You do not actually get your financing from a broker, instead the broker compares offers from different companies and offers a contract with a loan company through the car loan broker. Using a middleman may sound intimidating, however, in many cases a deal like this can be rewarding, as brokers can sometimes help you to get a better deal on your car loan than either banks or dealerships. On the downside, you will have to pay the broker a fee in order to find you a loan, and this can be costly.

4. Getting Car Loans Online

Online lenders can seem like the most attractive offer. They can often supply you with low-cost car loan, which you can then use to purchase the car and obtain the necessary insurance. There are so many of these companies operating through the internet that it is likely you will find some company to take you on, no matter how bad your credit, or how much you need. On the downside, some online lenders are not legal, and they may be trying to con you. These companies may also go bust, and then your debt will be sold on to collectors. To avoid scams, it is essential that you research the company’s background, check online reviews, and make sure the online lender is registered with a relevant Registry that governs lending companies.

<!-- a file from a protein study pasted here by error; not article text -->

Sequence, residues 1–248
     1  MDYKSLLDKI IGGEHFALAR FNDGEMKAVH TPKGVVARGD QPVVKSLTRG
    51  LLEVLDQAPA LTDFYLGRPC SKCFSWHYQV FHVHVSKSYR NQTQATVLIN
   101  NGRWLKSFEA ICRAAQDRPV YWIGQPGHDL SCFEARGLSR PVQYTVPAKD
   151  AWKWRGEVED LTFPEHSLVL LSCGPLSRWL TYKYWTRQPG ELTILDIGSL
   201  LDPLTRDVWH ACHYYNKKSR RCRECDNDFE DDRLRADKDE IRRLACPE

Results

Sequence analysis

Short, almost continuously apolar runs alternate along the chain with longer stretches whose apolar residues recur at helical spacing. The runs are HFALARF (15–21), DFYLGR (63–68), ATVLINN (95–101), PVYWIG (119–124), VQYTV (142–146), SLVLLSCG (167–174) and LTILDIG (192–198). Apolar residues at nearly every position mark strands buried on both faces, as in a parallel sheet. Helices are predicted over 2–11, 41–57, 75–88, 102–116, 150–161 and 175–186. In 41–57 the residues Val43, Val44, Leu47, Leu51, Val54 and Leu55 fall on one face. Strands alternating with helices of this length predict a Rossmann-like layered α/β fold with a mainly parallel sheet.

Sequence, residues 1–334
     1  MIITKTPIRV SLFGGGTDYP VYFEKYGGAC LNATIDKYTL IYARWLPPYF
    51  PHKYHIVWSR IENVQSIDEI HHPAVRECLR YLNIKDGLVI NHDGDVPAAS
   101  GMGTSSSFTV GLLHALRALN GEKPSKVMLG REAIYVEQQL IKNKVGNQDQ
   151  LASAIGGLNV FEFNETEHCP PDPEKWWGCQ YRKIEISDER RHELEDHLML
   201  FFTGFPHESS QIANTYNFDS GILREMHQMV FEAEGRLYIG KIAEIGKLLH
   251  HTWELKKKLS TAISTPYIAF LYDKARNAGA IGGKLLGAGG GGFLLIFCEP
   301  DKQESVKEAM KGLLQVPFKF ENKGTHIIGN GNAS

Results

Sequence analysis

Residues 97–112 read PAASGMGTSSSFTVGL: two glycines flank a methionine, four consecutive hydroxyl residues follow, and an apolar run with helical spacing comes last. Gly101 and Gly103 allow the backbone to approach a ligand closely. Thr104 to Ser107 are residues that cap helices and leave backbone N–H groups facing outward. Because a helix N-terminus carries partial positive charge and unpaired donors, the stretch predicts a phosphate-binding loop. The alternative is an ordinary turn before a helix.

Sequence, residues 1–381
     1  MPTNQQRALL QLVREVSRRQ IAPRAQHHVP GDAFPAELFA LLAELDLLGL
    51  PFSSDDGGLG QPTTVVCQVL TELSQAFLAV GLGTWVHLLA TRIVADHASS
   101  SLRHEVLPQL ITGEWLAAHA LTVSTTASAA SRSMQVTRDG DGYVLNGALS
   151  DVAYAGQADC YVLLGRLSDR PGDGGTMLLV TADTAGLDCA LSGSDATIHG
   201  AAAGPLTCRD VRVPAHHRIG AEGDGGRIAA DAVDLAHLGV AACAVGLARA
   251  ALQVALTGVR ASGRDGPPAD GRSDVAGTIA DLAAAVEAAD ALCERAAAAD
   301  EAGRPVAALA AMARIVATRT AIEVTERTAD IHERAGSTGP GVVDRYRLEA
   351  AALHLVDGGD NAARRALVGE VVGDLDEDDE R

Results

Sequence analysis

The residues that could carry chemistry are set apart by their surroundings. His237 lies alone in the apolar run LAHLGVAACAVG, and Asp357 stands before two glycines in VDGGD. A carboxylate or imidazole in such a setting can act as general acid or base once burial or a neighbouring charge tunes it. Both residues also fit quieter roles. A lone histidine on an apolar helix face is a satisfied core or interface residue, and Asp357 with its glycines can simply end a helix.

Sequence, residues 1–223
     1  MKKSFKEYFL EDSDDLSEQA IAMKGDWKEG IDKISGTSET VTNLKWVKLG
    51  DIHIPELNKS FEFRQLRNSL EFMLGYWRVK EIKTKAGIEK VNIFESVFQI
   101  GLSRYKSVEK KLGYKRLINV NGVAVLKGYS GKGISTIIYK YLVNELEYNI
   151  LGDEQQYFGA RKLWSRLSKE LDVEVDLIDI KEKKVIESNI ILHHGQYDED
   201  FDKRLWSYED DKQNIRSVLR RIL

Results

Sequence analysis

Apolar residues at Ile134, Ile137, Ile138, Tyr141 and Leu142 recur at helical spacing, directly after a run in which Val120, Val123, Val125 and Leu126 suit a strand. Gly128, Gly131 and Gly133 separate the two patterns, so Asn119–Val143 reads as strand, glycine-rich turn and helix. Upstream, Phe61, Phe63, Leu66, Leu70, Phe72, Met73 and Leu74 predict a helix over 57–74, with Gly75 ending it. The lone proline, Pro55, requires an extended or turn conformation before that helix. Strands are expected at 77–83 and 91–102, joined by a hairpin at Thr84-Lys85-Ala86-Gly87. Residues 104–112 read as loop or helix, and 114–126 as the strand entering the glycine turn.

If you commit to a car loan, you’ll need to be prepared to make regular repayments for three to five years. This is not something you’ll want to do on a whim — proper planning and budgeting is essential if you want to ensure you enjoy your car.

Photo Credit: jonrawlinson


  1. 1


    The last time I financed a car, I got the loan from the dealer to take advantage of the cash back ($1,500 or something like that.) After a few months, I took out a home equity loan and paid off the dealer so I could deduct the interest. If you do this, make sure the loan isn’t going to charge an early pay off fee.

  2. 2


    For years, credit unions have hosted special financing days at dealerships. Members get an invitation to prequalify at the dealership. The credit union promises not to reveal how much of a loan they’re able to give you so you can still negotiate the best price.

    Credit unions often have great rates compared to the banks.

    That said, I’ve only ever financed one car in my life (through my credit union). I can’t see the point of buying a new car when used cars last for years. Now I just save my money and buy a good used car with cash.

    • 3

      Len Penzo says

      I’m with you, Pamela. My next car will be a used car that is only one or two years old. I intend to let the original owner eat the majority of the depreciation all new cars suffer from in their early years. :-)

  3. 4

    nansuelee says

    You forgot Credit Unions. Many credit unions have money to lend and are willing to work with folks even those with less than stellar credit.

    Also, while they do the paperwork, dealerships are not making the loans themselves. They work with area banks and credit unions and sometimes get paid a percentage of the loan rate for their work. ie, if your loan rate is 7%, 1% of the money you repay the loan with maybe going back to the dealer. It depends on the arrangement the dealship has made with the lenders.

  4. 5


    Although I have not had a car loan in over eleven years, I am a big advocate of credit unions. Generally speaking they have very low rates. There are many credit unions that accept members from the public.